Byron and Company. Crowd watching a barker at the “Streets of Cairo” show at Coney Island, ca 1896. Museum of the City of New York. 93.1.1.3393.

The above photograph depicts the carnival “barker.”  Perhaps he is shouting this enticing pitch:

“This way for the Streets of Cairo! One hundred and fifty Oriental beauties! The warmest spectacle on earth! Pre-sen-ting Little Egypt! See her prance, see her wriggle! See her dance the Hootchy Kootchy! Anywhere else but in the ocean breezes of Coney Island she would be consumed by her own fire! Don’t rush! Don’t crowd! Plenty of seats for all!…When she dances, every fiber and every tissue in her entire anatomy shakes like a jar of jelly from your grandmother’s Thanksgiving dinner. Now, gentlemen, I don’t say that she’s hot. But I do say that she is as hot as a red hot stove on the fourth day of July in the hottest county in the state.”
Good Old Coney Island, Edo McCullough

Woman gypsy/dancer posing outside at Coney Island.

Byron and Company. Woman gypsy/dancer posing outside at Coney Island, ca 1896. Museum of the City of New York. 93.1.1.3388.

“Little Egypt” became an adopted stage name for the main dancers of the “Streets of Cairo” exhibit, the most famous of whom were Farida Mazar Spyropoulos, Ashea Wabe, and Fatima Djemille. The “hootchy cootchy” they performed was a caricature of traditional Middle Eastern dance that was more like an early form of burlesque. Although under an ethnographic guise, this risqué performance was perceived as quite provocative at the time.  This oriental cliché quickly became a fad (up to 20 “cootchy shows” would be performed at one time) and “Little Egypt” attained celebrity status. Ashea Wabe made front page news when she was busted for dancing at socialite Herbert Seeley’s Fifth Avenue Bachelor Party in 1896; the scandal came to an unfortunate end in 1906 when she was found dead by asphyxiation, leaving behind a $200,000 fortune.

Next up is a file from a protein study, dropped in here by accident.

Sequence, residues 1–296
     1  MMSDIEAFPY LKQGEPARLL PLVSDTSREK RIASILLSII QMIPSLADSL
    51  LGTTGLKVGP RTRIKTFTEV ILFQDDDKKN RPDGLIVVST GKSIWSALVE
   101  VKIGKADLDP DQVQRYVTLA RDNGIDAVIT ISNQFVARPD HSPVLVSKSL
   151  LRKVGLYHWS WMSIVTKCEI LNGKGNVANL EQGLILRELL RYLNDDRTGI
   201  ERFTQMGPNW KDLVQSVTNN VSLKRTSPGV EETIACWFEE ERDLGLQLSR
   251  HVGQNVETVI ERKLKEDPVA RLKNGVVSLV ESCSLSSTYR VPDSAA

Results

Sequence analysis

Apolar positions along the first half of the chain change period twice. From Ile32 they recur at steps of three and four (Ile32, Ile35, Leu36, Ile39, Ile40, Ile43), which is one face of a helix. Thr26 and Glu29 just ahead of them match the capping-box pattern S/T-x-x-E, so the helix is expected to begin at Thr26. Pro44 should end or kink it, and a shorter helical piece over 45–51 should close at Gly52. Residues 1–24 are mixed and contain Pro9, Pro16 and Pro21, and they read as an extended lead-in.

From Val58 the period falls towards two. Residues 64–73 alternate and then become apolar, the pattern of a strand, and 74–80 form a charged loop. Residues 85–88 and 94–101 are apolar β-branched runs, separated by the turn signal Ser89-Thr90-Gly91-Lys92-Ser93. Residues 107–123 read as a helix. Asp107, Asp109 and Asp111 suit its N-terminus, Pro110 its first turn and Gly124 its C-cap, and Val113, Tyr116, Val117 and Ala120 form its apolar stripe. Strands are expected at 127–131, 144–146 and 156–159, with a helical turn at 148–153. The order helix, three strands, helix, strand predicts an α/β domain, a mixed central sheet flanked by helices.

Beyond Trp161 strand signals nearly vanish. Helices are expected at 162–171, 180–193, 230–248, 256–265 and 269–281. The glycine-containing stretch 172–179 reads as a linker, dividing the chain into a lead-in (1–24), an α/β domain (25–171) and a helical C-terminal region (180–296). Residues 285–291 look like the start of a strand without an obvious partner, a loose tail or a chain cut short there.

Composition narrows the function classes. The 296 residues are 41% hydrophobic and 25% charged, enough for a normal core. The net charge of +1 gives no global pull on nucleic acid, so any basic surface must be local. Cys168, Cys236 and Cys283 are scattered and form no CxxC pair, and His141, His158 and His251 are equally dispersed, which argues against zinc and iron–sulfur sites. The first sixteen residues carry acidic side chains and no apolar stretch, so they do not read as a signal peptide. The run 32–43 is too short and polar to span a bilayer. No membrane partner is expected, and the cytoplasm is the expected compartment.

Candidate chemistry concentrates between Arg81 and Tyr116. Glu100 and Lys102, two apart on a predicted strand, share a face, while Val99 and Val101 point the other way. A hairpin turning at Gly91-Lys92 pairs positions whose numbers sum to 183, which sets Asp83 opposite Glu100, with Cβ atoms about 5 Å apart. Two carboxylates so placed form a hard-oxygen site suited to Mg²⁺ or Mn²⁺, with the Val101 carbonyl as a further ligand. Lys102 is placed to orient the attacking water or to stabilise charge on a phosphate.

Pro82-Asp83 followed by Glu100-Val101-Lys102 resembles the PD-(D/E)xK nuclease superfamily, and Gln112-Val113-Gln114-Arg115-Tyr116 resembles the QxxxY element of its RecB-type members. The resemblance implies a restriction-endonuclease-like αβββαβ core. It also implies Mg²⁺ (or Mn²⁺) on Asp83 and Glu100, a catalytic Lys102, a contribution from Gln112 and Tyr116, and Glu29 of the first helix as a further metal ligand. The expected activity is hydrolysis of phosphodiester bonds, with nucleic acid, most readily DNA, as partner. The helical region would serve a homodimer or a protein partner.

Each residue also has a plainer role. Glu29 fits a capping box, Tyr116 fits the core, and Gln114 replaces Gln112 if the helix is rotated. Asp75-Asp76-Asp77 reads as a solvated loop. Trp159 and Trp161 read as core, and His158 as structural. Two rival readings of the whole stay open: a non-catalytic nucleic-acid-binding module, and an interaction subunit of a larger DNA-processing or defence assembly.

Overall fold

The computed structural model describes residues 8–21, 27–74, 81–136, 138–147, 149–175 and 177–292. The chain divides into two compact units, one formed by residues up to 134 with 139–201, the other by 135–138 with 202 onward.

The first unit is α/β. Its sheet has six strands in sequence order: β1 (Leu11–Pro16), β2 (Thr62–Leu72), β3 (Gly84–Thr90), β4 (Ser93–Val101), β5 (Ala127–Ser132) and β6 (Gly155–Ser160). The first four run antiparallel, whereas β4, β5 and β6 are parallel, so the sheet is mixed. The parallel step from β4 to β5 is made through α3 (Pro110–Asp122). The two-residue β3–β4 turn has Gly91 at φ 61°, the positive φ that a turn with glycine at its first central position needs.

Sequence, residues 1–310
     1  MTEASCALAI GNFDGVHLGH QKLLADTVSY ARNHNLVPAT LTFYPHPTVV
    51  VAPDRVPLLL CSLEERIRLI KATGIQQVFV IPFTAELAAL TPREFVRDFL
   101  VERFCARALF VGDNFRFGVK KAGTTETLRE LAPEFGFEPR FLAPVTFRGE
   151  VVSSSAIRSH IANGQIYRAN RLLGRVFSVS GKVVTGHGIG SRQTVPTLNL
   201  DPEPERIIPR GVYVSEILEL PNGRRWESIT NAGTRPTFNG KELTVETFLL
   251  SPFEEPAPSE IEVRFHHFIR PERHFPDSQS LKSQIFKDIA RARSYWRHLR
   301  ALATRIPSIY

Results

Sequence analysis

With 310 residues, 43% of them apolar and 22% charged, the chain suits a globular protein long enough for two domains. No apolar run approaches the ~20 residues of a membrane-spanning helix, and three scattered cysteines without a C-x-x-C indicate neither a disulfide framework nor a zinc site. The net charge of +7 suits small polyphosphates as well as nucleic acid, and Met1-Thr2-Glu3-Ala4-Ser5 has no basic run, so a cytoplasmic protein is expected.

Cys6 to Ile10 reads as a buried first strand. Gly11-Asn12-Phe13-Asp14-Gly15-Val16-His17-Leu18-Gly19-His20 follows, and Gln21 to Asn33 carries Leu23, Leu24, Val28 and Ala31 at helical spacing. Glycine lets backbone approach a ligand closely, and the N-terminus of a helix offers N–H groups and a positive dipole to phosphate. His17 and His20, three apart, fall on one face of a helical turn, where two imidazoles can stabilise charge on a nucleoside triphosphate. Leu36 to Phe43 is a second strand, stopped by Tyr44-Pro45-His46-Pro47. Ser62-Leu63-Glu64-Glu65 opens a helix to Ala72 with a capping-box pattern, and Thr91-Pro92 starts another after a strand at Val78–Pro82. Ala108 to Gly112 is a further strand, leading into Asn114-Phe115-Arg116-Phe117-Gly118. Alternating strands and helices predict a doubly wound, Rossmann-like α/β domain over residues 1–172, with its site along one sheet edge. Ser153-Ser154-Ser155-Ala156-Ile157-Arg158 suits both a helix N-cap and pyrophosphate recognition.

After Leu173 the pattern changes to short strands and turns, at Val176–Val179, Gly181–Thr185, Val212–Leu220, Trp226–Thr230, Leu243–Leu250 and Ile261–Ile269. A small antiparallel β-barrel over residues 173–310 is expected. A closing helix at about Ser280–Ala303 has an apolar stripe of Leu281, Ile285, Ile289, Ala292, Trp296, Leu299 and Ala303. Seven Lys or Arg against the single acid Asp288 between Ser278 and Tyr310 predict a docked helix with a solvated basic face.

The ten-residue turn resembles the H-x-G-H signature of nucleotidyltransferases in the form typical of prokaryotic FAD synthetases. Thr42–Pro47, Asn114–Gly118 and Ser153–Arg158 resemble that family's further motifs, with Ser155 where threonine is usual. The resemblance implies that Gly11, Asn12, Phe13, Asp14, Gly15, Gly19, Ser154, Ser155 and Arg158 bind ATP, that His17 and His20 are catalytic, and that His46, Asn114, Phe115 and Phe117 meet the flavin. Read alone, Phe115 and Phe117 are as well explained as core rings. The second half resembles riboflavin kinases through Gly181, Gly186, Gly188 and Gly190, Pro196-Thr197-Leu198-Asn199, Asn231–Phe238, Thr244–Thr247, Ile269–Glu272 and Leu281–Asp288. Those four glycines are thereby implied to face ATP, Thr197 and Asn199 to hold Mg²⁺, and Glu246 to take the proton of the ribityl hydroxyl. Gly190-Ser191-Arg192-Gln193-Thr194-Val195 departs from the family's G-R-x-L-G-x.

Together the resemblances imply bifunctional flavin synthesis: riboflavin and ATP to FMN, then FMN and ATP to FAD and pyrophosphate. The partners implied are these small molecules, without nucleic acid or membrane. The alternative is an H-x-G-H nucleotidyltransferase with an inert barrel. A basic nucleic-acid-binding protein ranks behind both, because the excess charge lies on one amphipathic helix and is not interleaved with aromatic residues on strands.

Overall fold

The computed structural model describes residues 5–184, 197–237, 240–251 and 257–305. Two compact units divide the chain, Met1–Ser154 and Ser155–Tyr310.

Woman gypsy/dancer seated in her side-show theatre at Coney Island.

Byron and Company. Woman gypsy/dancer seated in her side-show theatre at Coney Island, ca 1896. Museum of the City of New York. 93.1.1.3386.

This photograph depicts a “Little Egypt” dancer smoking a Hookah in her harem. One can imagine the scent of tobacco and incense in the densely packed theatre. Even at Coney Island, the attire of the audience would have been conservative, with suit jackets and long dresses scarcely baring an ankle or wrist. In stark contrast, the dancer’s gauzy silks and potentially exposed midriff must have been startling.

Byron and Company. A woman in a carnival or side-show with three large pythons, ca 1895. Museum of the City of New York. 93.1.1.14254.

A precedent to “The Streets of Cairo,” female snake charmers added a touch of Eastern mysticism to the classic side show lineup. The snake charming tradition dates back to Ancient Egypt and is still practiced today at the Coney Island Circus Sideshow.

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Byron and Company. Arabian Acrobats demonstrating acrobatic feats on the roof of Hammerstein’s Victoria Theatre, ca 1908. Museum of the City of New York. 93.1.1.15700.